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Format: Downloadable MP3 Track.
Audio Quality: 320 kbps
Label: PRO ORGANO
Catalog Number: CD 7288
Organ: Andover, Opus 114
Venue: Christ Lutheran Church, Baltimore, Maryland USA
Producer: Frederick Hohman
© 2018 Zarex Corporation.
ISRC #: USR9N1828802
Compact Disc album is available.
The American Organist magazine – JUNE 2020
REVIEW TEXT: “This is another top-drawer recording from one of our brightest rising stars. Indeed, ‘rising star’ may no long apply: Katelyn Emerson is already well above the horizon, shining brilliantly. One trusts that a long and unclouded day stretches before her. Inspirations is a joy to listen to, as well as a wonderful study in programming, interpretation, and registration. Artist, instrument, repertoire, and production come together in one 76-minute-long triumph.
Emerson knows how to grab your attention at the very first moment of a piece. Not every organist grasps the importance of this all-important, Zen-like instant when the silence is broken, a choice is made, the first ‘let there by light’ is spoken. With every track on this CD, one knows, immediately, that Emerson has something to say, and knows how to say it, and why.
The program opens with a recent work by Rachel Laurin, one of the most important organ composers on the current scene (see p. 20 in this issue). Finale, Op. 78, was commissioned by the Washington, D.C., AGO Foundation and premiered in 2017. (The title alludes to the cessation of the foundation – this commission was its swan song.1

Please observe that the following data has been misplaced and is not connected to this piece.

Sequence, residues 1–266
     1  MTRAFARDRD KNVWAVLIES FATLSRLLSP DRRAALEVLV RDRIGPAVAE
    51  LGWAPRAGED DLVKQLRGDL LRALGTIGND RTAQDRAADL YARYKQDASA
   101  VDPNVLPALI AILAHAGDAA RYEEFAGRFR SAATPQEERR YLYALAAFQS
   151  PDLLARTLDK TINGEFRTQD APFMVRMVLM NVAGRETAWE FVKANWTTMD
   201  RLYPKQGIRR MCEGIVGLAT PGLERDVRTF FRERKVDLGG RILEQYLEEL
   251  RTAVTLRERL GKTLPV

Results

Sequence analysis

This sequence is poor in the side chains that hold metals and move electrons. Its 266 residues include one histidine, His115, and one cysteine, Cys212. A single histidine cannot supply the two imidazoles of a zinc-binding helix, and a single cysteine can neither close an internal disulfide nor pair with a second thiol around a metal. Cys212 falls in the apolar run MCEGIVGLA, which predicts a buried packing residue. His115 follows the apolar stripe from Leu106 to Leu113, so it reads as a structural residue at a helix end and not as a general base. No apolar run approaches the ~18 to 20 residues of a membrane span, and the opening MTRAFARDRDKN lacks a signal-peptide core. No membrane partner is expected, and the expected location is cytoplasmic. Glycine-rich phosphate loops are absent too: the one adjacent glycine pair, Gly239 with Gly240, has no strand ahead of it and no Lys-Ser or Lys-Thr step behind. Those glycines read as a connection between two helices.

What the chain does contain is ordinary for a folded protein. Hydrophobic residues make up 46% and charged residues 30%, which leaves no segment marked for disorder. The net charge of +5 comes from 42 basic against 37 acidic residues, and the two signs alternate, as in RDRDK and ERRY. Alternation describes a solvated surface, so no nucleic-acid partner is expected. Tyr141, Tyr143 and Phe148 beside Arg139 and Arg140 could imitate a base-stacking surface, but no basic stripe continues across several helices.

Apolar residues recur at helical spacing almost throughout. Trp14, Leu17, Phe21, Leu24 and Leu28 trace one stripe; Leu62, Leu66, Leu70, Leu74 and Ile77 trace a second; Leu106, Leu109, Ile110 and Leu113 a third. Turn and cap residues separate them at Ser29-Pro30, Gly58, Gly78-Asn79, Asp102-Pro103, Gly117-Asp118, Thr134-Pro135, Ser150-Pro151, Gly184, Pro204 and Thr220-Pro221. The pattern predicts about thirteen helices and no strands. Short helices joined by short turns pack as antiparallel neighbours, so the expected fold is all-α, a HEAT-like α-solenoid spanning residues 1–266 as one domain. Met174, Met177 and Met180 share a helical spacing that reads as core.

Emerson opens the work – and the CD – with an arresting, thrilling plunge directly into this piece. The rush of positive energy is exhilarating. Here, as elsewhere in the program, Emerson presents us with the music itself. There are no gimmicks, no conceptual agendas to deal with. There is just the music, running joyously.
From Laurin we go to Horatio Parker, with the third movement (Allegretto) of his Organ Sonata in E-flat, Op. 65. We hear the same complete technical mastery and clean musical fidelity that we did before. This is also true of the next four tracks, which give us Rheinberger’s Eighth Sonata in E Minor, Op. 132. Again, we are instantly engaged by the opening moment: here, a roaring pedal reed.
From there, we turn to Buxtehude and de Grigny, then wrap up with 20th-century French. Just after the Buxtehude, though, we get another bit of Romanticism, the Meditation of Edward Bairstow. The CD ends with Durufle’s Opus 7 – a well-traveled virtuoso’s calling card, to which Emerson does full justice. All of the stylistic turns in the program do their part to retain our interest as well. A great job all around.
Congratulations to Pro Organo for another fine recording and to Katelyn Emerson, to whose growing stature this recording so amply attests.
1. Information on Finale taken from the composer’s notes, reproduced in the booklet accompanying the CD.”
– Jonathan B. Hall, FAGO, ChM